The Islanders continued their Western Canadian Road trip last night with a 3-1 defeat to the Edmonton Oilers. Coming off an impressive victory against the Vancouver Canucks, the Islanders hoped to continue the offensive production.
The Islanders had a very strong first period, controlling the play and having two Power Plays. The Islanders greatly outshot the Oilers in the period.
Despite controlling play and having the better chances, the Oilers scored the first goal of the game with a shot from Cody Ceci from the point, where Ilya Sorokin was screened.
Islanders Baffled by Mike Smith
Mike Smith has played in just 8 games this season prior to the Islanders game. The 6-foot 5-inch veteran goaltender has had a solid career but has struggled the last few seasons.
Smith is a big goalie and drops down to take away the bottom half of the net. The Islanders were creating quality chances in the first period, but mostly from close to the net. This played well into Smith’s strengths.
Despite creating some odd man rushes, the Islanders chances were forced down low in close to the net. Smith was able to effortlessly cover the lower half of the net and damper any scoring opportunities.
The goal by Anthony Beauvillier was on the Power Play where the Islanders were able to move the puck well and get Smith moving left and right. Smith was out of position, allowing Beauvillier to have a large part of the net available.
Unfortunately, this would be the only chance the Islanders created while Smith was in movement.
Oliver Wahlstrom’s wicked wrist shot gave Smith problems as the game progressed but was unable to sneak one past Smith. From an odd angle, Wahlstrom beat Smith but the puck knicked the cross bar.
Barry Trotz began shuffling the lines this road trip with much success in Vancouver and the first period in Edmonton. The veterans have become too comfortable on their respective lines, and it was a good opportunity to mix it up.
Butch Goring pointed out during the game that mixing grinding players with skill players has allowed the players to simplify and use their outlets.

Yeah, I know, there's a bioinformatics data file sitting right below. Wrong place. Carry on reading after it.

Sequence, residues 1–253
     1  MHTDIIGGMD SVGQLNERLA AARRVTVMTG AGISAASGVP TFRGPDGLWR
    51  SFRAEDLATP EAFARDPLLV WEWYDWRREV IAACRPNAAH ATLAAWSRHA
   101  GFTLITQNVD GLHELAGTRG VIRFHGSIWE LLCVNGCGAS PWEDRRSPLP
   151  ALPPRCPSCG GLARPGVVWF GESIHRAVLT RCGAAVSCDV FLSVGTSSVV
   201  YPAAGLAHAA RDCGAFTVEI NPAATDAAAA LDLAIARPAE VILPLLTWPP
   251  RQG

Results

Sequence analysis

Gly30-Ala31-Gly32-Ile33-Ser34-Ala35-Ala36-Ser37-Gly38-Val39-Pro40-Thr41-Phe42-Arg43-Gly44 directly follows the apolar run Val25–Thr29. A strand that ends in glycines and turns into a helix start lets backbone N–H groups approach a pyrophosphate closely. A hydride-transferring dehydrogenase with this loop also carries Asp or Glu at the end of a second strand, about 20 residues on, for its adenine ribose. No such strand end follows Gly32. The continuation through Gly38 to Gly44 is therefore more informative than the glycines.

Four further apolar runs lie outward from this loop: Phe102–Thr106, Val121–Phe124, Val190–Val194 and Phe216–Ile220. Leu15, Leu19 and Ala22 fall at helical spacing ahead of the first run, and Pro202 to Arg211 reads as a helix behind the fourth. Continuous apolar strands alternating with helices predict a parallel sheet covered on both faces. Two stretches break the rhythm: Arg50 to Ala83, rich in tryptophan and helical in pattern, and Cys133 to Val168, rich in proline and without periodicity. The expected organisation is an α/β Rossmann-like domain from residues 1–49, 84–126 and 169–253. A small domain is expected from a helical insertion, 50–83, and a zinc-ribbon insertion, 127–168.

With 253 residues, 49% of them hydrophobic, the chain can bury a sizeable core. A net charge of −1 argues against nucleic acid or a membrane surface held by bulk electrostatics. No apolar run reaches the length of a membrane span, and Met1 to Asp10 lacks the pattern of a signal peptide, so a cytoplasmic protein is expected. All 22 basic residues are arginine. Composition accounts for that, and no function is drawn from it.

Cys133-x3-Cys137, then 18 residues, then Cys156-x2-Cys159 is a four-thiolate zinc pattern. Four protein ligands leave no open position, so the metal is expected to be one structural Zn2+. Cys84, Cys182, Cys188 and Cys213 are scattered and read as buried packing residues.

Having Cal Clutterbuck on the top line with Mathew Barzal and Anders Lee seemed to create different types of scoring opportunities for the line. Clutterbuck has a dangerous shot but knows how to keep things simple and keep the puck deep in the offensive zone.
Although this is not a long-term answer, the freshness of Clutterbuck on the line will hopefully refresh Barzal’s style and realize the additional options in the offensive zone to create scoring chances.
Islanders’ No Shows
Since dealing with an injury in the Eastern Conference Finals last season, J.G. Pageau has been invisible for the most part this season. Pageau is not a flashy player that will only produce on the scoresheet, but something is not right with Pageau.
The strength of this team is down the middle and a big reason that Pageau was targeted at the deadline by Lou Lamoriello. His impact early on was second to none. Pageau can contriute in every aspect of the game. Strong in the defensive zone, Pageau allows his wingers to focus on the offensive part of the game.
Whether Pageau is still recovering from an injury or not, the team needs more from him to return to the level of the prior seasons.
Josh Bailey has been a target of the fan base for quite some time, but this has been an especially difficult season for the assistant captain.
Bailey has struggled in the defensive zone and seemed flat footed last evening.
The Power Play was always a chance for Bailey to use his creativity, but lately he has slowed the momentum down and has second guessed his decisions.
All these issues aside, Bailey continues to turn over the puck in every zone. It is baffling to see him continue to get the opportunities after so many turn overs.
It is tough to justify Bailey playing top six minutes while Kieffer Bellows continues to watch from the press box.
The Islanders will have a chance to bounce back tonight against the Calgary Flames. The Flames have had a strong season and are playing well under Darryl Sutter. It will be the toughest contest of the visit to Alberta.